News from the Food System Caucus
of the Massachusetts Legislature:
We must support Massachusetts residents impacted by food insecurity and all aspects of our agricultural community and food producers.
SNAP Benefits (formerly food stamps)
SNAP recipients can purchase locally grown fresh fruits and vegetables at participating Farmer’s Markets and farm-stands.
Pat Baker from the Mass Law Reform Institute has offered her expertise as a resource for SNAP questions, including those on immigrant and college student eligibility and can refer individuals to local Legal Services staff. Her email is Pbaker@mlri.org.
DTA is working with DESE to administer Pandemic-EBT (P-EBT), new cards that will be issued to children eligible for free or reduced-price meals including those whose families are not SNAP households. P-EBT cards will not earn HIP incentives. All students in CEP schools will receive cards, regardless of individual certification status.
The USDA approved DESE’s request to waive the requirement that school meal sites must be located in areas where at least 50% of school lunch program participants are eligible for free and reduced-price meals. This means that all school districts distributing meals during school closures related to COVID-19 and are focusing the distribution of these meals to children and teens in need of them are now eligible for USDA reimbursement.
MA Food Bank
The state’s major food bank distribution centers, the Greater Boston Food Bank, the Worcester County Food Bank, the Food Bank of Western MA, and the Merrimack Valley Food Bank, are still operating and serving local food pantries. Constituents can locate the nearest food pantries to them here. Food pantries are overwhelmed with demand, and federal and state programs are providing about half of the needed food. Food banks and partner agencies have lost almost all donations from grocery stores due to panic buying from the public and are working hard to try to source enough food to meet demand.
Project Bread Hotline
Project Bread works to fully enroll individuals in state and federal nutrition programs as well as refer callers to local food resources. The FoodSource Hotline is toll-free and is the only comprehensive statewide information and referral service in MA for people facing hunger. The Hotline is 1-800-645-8333.
CISA Emergency Farm Fund
CISA launched a zero-interest loan (up to $25,000) for farmers in Franklin, Hampshire, and Hampden counties impacted by COVID-19. The current application period has passed, but CISA expects to open a second round of applications later this spring. Find more information, including eligibility requirements, here.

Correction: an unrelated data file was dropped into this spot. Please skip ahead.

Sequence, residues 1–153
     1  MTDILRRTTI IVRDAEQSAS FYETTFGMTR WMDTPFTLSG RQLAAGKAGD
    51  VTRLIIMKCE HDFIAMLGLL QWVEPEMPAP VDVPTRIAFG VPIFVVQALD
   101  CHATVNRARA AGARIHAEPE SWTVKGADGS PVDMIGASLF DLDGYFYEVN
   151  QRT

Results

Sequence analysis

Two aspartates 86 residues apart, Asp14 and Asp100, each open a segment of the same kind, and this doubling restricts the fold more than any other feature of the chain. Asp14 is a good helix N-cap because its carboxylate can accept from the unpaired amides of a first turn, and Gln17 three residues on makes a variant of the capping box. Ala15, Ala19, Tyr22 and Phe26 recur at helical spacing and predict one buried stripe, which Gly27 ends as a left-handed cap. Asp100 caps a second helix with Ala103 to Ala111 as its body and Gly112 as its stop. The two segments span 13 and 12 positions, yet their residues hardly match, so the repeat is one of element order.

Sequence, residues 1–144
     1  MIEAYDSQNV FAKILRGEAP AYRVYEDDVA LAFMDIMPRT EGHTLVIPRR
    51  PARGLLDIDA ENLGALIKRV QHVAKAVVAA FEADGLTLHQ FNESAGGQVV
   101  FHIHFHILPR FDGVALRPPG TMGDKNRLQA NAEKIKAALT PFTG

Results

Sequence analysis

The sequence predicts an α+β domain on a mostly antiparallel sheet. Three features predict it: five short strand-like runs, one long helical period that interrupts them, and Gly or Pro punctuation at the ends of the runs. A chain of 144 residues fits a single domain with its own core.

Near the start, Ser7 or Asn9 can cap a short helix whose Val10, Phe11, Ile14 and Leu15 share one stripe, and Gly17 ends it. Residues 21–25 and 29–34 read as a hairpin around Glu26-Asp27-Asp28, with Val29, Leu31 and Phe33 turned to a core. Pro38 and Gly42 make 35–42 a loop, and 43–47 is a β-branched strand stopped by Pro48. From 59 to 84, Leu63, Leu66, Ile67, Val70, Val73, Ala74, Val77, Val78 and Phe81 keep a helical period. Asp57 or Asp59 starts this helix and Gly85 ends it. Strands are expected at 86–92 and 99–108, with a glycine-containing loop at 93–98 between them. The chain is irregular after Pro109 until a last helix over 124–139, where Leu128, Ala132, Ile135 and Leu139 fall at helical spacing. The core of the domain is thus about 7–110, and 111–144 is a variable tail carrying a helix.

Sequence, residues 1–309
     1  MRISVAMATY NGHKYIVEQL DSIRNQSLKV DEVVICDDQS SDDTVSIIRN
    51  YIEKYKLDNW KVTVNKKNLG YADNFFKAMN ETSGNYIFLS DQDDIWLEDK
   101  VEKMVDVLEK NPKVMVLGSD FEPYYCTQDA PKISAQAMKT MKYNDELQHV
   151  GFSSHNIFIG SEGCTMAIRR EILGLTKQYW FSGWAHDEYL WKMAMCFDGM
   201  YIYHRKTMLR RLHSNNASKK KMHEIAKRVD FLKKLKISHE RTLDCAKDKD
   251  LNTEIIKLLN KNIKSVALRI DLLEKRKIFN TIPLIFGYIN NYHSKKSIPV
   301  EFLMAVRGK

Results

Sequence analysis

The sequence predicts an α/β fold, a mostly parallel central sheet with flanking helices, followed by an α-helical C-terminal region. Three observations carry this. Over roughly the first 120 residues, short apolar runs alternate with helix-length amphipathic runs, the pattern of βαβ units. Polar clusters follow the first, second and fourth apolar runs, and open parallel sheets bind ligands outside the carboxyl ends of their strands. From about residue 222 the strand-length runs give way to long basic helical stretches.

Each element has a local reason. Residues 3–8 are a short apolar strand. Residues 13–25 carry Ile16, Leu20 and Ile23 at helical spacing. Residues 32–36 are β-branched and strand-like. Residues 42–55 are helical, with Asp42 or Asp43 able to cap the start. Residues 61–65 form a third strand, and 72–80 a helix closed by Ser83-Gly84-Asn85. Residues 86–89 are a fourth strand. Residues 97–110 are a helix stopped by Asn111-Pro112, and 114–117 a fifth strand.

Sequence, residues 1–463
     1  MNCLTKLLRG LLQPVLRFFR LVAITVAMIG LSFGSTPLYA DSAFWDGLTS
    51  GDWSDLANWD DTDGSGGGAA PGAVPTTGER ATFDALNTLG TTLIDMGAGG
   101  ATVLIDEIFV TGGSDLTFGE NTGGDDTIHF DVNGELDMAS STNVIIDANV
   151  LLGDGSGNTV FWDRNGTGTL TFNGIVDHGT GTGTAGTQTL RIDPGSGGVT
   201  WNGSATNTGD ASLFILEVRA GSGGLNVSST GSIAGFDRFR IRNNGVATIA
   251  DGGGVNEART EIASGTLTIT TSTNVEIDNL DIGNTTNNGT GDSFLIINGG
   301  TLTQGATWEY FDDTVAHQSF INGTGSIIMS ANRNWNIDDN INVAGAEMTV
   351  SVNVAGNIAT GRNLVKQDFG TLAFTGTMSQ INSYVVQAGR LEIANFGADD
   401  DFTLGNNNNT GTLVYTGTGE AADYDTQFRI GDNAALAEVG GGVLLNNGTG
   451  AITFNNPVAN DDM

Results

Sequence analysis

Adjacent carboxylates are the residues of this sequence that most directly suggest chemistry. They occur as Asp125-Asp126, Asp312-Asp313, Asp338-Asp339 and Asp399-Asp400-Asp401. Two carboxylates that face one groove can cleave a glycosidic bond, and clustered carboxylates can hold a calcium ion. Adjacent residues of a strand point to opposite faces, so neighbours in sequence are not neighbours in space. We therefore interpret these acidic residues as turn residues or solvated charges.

Questions can be emailed to firstname.lastname@example.org.
CISA has also curated resources for home delivery, online ordering, and curbside pick-up here.
Fisheries & Aquaculture
Most seafood producers and distributors have lost the vast majority of their business, since most of their buyers were restaurants. Seafood is a low-margin industry and loans that put fishers in more debt are not a preferred solution. Concern that market recovery will be slow has led to a need to consider new markets and processing infrastructure for preservation. The Small Business Administration has support available to many farmers.
MA Division of Fisheries is compiling a list of where consumers can purchase local seafood.
$300M was allocated to fishermen in the CARES Act and a portion is expected to be sent to Massachusetts to provide relief for “Tribal, subsistence, commercial, and charter fishery participants affected by the novel coronavirus.”
Institutional sales - such as those to schools - have halted completely due to the COVID-19 crisis, and retail milk sales have slowed, as well. MA dairy farmers look to the rest of the country, where processors and producers are dumping milk, and worry the same thing may happen in MA very soon. In response to this concern, the Agri-Mark Coop, which represents family dairy farms in the Northeast, is circulating a letter to policymakers asking for a price floor to protect the industry and maintain food security. Dairy products are produced, manufactured, and delivered every day to grocery stores, yet many dairy farms are dangerously close to shutting down operations due to the current price outlook. Stabilizing dairy prices across the industry will protect dairy farms from closing and ensure our food shelves are kept stocked and this critical part of our supply chain is not lost.
MA Recycling Works provides strategic services to help businesses reduce, recover, and divert surplus food at no cost. Their hotline is 888-254-5525 and email is email@example.com.
Access technical assistance here.
Access food waste assistance here.
Sustainable Business Network of MA
SBN works to support local and independent businesses by encouraging sales of local products. The organization advises restaurants producing emergency meals to help them source local ingredients and are encouraging people to buy from restaurants, breweries, and other retailers that are open for pick-up and delivery. See the list of locally-sourced restaurants backed by SBN in this spreadsheet, including ways customers can support them during this time. SBN’s small business assistance tool kit can be found here.
Check with local distilleries for hand sanitizer.
For those with questions about starting home gardens, visit UMass Extension.
Bulletins and guidance for Agriculture can be found here.
Central MA Grown’s local food listing can be found here.